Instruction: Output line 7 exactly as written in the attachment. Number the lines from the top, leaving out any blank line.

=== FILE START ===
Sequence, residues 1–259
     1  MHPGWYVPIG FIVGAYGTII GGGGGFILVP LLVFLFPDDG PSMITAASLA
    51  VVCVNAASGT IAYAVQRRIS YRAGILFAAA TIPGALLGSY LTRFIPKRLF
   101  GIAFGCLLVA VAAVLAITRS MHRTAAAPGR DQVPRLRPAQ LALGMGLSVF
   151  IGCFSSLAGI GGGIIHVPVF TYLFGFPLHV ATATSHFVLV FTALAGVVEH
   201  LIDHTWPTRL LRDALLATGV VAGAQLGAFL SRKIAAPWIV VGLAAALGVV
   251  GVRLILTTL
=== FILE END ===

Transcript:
   251  GVRLILTTL